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Bachmann draws Thatcher foreign policy comparison

By Brian Bakst

Associated Press

Published: Thursday, Sept. 1 2011 10:45 a.m. MDT

Republican presidential candidate, Rep. Michele Bachmann, R-Minn., addresses the national convention of the American Legion, Thursday, Sept 1, 2011, in Minneapolis.

Tom Olmscheid, Associated Press

MINNEAPOLIS — Republican Rep. Michele Bachmann compared herself Thursday to a female world leader with firm resolve — former British Prime Minister Margaret Thatcher — while trying to convince American veterans that she would make a strong commander in chief.

Bachmann offered a quick glimpse at her foreign policy views in a speech to the American Legion's national convention, in her home state of Minnesota. President Barack Obama addressed the convention earlier in the week.

She harkened back to hard-willed efforts by former President Ronald Reagan to confront the Soviet Union and communism, and pointed to the strong campaign Thatcher headed to regain control of the Falkland Islands.

"It took two very strong leaders on the world stage, one a woman and one a man, to reverse the course of their respective countries," Bachmann said. "We should heed the lessons that they hold for those who seek to wreak havoc on peace and on democracy across the world today."

Much has changed since the days of Thatcher and Reagan. U.S. troops are at war in Afghanistan and Iraq, and terror threats pose a different kind of challenge for leaders here and abroad.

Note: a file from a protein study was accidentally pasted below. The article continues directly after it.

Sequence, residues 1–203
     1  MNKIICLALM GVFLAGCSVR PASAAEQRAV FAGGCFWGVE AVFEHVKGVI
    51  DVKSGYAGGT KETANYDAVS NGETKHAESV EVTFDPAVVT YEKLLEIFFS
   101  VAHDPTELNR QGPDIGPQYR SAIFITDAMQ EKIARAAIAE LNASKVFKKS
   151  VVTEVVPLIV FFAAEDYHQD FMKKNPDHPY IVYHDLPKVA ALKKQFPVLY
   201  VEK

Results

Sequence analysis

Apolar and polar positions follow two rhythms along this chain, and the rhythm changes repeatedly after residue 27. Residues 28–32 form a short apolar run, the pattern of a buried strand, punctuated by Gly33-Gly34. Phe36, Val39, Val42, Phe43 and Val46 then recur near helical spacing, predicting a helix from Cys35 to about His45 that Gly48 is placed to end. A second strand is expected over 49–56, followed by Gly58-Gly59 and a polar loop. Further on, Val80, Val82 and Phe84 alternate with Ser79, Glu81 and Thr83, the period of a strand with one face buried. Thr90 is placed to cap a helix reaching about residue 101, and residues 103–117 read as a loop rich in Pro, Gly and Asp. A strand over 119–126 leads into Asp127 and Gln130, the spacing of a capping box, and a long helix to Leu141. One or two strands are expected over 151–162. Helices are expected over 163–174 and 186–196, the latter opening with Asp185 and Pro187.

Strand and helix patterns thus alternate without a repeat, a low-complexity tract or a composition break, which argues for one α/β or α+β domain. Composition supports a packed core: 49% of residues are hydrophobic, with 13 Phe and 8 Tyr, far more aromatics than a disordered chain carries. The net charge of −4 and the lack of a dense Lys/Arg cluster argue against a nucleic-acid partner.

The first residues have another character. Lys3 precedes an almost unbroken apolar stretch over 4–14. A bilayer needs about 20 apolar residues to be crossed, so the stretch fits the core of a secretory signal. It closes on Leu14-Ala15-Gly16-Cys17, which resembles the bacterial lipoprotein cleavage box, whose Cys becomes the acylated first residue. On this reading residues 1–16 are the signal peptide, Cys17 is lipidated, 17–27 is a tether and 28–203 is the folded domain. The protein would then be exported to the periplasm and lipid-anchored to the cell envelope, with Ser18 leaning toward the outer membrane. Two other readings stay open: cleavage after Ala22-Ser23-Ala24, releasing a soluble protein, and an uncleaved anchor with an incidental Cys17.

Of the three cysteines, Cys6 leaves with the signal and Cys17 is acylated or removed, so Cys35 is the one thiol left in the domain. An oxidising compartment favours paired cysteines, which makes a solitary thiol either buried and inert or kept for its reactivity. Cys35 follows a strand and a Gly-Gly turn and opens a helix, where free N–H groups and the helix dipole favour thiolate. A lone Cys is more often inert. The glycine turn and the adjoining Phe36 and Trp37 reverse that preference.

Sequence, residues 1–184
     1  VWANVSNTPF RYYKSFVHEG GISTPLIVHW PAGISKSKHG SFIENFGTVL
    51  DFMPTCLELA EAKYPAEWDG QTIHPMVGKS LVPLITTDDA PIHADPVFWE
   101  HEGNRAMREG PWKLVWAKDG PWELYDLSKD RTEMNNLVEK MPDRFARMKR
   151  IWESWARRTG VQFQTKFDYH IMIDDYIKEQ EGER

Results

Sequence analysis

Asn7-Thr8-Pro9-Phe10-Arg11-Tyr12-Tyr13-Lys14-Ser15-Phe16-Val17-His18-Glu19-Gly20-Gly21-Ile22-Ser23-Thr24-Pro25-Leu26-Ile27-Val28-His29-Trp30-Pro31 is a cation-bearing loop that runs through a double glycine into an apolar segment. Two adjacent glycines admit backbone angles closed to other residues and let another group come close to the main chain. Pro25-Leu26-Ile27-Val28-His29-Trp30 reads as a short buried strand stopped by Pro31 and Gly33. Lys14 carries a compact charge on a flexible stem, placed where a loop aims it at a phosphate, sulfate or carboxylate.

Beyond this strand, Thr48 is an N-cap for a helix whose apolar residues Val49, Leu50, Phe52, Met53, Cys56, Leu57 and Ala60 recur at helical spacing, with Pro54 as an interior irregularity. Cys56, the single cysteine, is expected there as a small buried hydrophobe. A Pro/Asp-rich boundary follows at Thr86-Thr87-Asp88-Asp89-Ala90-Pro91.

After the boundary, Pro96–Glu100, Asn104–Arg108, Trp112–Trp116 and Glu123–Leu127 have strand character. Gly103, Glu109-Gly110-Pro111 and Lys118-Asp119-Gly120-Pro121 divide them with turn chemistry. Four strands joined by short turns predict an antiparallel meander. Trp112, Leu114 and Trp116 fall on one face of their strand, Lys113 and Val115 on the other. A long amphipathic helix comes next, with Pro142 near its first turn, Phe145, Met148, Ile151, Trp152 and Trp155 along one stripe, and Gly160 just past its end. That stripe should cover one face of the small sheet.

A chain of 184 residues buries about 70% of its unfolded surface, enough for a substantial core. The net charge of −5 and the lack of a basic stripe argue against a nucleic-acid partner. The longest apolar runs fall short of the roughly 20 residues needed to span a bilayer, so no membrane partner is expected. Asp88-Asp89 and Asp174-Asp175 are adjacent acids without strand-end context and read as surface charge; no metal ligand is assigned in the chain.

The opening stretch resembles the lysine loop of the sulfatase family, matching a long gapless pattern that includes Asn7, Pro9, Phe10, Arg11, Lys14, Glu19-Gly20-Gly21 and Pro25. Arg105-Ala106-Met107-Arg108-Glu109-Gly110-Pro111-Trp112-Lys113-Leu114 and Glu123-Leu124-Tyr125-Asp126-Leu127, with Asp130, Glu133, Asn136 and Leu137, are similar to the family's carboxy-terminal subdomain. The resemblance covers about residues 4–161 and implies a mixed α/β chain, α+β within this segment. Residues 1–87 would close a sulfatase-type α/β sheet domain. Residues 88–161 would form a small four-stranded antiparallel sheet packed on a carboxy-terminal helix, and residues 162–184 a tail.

Bachmann, a third-term congresswoman, emphasized her role on the House Intelligence Committee as evidence that she knows pressing threats, including fears about Iran developing nuclear weapons.

Bachmann sounded a similar note to GOP presidential rival Texas Gov. Rick Perry about when and how U.S. troops are sent into battle. Perry told the Veterans of Foreign Wars' convention on Monday that America needs to avoid a foreign policy of "military adventurism."

Bachmann echoed that view.

"We should never put troops into harm's way unless there is first a clear and vital United States mission. We never will half-heartedly commit our troops to battle without a true end plan, without knowing our enemy and also knowing our mission," she said. "And as president, I will always use the full resources of our military to bring about a quick and ready resolution to achieve victory."

In her 20-minute speech, Bachmann sought to connect domestic and international concerns facing the country.

Bachmann described the nation's rising debt as an increasing security threat, calling the United States the "world's leading debtor nation" and stoking worry about China's stake in American borrowing.

"Even worse, the interest on the payments on the debt are going to the Chinese and those payments are going to build up Chinese military efforts," Bachmann said.

Bachmann, who was making her first public appearance in Minnesota in more than two months, mostly avoided reporters as aides rushed her into private meetings with veterans.

Bachmann said her references to Thatcher were meant to spotlight a transformational figure of her era. "We're in a similar time period and we need to have strong, viable leadership to see that return again today, both with the military and with the economy," she said.

The comparison to the woman, known as "The Iron Lady," wasn't lost on veterans in Bachmann's audience, such as 23-year Navy veteran David Meaney, of Atkinson, N.H.

"I think a woman could handle the job. It's probably time," said Meaney, who hasn't settled on a 2012 candidate but wants to see Obama go. "She's trying to say, 'Although I'm a woman, I think I can do this.' That's what I got from it."

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